Dayton Daily News (Ohio)
BYLINE: By Lawrence Budd
Area cities have agreed in the past two years to pay $2.9 million to 33 businesses promising to retain or create more than 2,500 jobs, according to a survey conducted by the Dayton Daily News.
The funds are paid out as grants if the companies meet job and payroll targets, city officials said.
In the past two years, the city of Dayton’s economic development loan program has agreed to pay about $2.3 million to businesses pledging to keep or bring more than 2,135 jobs. Similar programs in Kettering, Miamis-burg, Moraine and Springboro reported committing to $650,000 to 14 companies for 525 jobs.
While programs varied, each city surveyed by the Dayton Daily News indicated it offered “forgivable loans,” typically as an incentive for companies interested in expanding or relocating in the community. The loans essentially function as grants if companies keep their expansion, jobs or relocation promises.
In most cases, officials said the companies meet job or payroll goals in agreements more than offsetting the loan amounts. This releases the companies from having to pay back the loans and bolsters city coffers.
Occasionally, the companies default, forcing the cities to try to “claw back” the public funds paid to the companies.
“Economic development is a bit of a gamble in a lot of cases,” said Timothy Downs, deputy director of economic development for Dayton.
Tightening the rules
Dayton is updating its forgivable loan programs to tighten up clawback provisions in agreements.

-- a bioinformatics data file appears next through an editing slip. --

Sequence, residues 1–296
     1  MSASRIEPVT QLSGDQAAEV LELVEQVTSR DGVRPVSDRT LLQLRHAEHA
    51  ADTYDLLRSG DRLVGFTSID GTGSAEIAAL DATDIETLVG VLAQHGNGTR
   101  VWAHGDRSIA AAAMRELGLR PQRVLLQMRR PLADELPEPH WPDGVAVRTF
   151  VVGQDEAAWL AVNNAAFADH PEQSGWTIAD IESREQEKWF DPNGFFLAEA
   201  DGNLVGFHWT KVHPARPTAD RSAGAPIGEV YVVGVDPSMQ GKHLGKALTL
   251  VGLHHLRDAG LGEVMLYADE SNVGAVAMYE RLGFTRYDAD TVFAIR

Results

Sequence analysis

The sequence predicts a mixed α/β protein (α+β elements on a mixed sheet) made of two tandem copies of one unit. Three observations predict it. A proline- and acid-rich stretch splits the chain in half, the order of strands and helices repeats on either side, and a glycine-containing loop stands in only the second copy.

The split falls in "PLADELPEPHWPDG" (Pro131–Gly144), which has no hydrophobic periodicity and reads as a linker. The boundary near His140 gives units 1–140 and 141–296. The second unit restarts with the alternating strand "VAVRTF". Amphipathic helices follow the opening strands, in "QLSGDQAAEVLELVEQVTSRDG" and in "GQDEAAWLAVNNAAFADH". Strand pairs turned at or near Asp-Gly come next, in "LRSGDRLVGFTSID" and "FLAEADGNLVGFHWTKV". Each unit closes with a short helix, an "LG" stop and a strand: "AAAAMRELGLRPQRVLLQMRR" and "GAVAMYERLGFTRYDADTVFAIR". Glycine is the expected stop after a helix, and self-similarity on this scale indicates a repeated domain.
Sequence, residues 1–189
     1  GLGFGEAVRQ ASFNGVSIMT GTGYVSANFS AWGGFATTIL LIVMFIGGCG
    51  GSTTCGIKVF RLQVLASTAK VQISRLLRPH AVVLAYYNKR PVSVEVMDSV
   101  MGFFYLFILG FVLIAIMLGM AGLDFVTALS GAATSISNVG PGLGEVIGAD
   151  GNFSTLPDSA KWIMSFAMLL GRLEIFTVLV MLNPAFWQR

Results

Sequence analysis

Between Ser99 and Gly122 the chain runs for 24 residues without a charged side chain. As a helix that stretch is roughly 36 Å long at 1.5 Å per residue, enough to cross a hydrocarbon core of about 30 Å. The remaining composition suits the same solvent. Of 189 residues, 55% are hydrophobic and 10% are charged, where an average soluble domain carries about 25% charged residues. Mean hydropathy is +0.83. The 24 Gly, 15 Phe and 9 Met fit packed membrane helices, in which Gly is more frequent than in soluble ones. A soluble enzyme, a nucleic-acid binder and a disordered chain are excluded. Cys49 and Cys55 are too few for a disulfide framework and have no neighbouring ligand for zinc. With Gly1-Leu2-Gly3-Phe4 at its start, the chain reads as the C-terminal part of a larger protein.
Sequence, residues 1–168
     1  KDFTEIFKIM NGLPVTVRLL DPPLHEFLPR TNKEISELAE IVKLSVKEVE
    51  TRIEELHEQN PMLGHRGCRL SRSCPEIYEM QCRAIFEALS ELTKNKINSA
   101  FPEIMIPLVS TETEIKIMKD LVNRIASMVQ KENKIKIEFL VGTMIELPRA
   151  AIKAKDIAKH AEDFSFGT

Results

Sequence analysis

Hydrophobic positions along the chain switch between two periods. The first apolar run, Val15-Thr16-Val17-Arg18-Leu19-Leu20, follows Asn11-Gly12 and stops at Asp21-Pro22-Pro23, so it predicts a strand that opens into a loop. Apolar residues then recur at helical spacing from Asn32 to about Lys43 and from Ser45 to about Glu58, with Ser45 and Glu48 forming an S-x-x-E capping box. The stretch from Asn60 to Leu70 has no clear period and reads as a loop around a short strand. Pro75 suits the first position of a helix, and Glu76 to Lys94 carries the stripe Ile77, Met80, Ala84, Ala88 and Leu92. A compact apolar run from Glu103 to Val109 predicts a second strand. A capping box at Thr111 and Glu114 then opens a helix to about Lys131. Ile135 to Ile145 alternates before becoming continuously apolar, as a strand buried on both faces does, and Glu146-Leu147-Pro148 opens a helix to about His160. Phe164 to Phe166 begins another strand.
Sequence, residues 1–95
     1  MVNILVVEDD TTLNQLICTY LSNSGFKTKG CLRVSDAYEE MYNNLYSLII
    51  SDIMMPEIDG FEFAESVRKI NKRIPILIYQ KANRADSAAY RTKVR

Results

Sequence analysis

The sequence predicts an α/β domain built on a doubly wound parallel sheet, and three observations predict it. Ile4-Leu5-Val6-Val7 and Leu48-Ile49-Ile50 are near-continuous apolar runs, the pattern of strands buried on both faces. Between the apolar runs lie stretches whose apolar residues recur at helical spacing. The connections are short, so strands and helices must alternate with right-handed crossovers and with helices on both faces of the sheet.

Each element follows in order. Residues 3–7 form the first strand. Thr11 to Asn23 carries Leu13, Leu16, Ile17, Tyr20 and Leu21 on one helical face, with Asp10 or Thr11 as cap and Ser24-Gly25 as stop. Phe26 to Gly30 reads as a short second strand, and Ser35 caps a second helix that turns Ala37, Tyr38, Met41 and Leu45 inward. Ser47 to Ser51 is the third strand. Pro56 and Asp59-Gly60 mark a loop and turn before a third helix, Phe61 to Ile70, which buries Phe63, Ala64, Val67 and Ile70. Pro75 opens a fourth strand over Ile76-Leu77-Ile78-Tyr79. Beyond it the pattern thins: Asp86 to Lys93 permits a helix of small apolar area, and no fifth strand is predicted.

In 2010, the city lost $200,000 paid through a forgivable loan to Ultracell, a California-based fuel-cell maker, after the company abandoned expansion plans here, Downs said.
Under the new rules, the city also will make annual checks of payments for income tax withheld on behalf of employees.
“They might have a bad year. We’re trying to make sure they are growing,” Downs said. “It let’s them know we’re serious about it.”
Still rather than legal action, the city likely is to pursue repayment in discussions with the companies, Downs said.
In 2010, Dayton agreed to a $107,000 forgivable loan with B4C, a composites company on McCall Street planning a $1.8 million expansion. A new production line was to create 16 jobs. Last year, the company repaid $4,991.69 after failing to meet employment goals, records showed. The city still is pursuing repayment for 2011, Downs said.
In another deal, Dayton and Cintas negotiated a settlement after the company failed to meet jobs tied to a $125,000 loan.
“We want to be supportive of the business. We have to be primarily responsible for the tax dollars that are in play. It’s a balancing act,” Downs said.
Dayton also made forgivable loans to the Patterson Square residential development and Mary Scott Nursing Home. Charles Simms Development is to receive $400,000 upon construction and sale of 15 to 18 town homes. The nursing home received $100,000, half after topping $250,000 in fundraising.
Springboro has refilled two empty commercial buildings with companies provided forgivable loans in the past two years. In Springboro and the other cities surveyed, the agreements usually span five years.
Thaler Machine was to be paid $50,000 from Springboro in exchange for maintaining a 69-worker payroll. The Tooling Zone was to get $12,000 based on expectations the company would employ 33 workers.
So far, all of Springboro’s forgivable loan recipients have met job targets, Assistant City Manager Chris Pozzuto said.
Copyright 2012 Dayton Newspapers, Inc.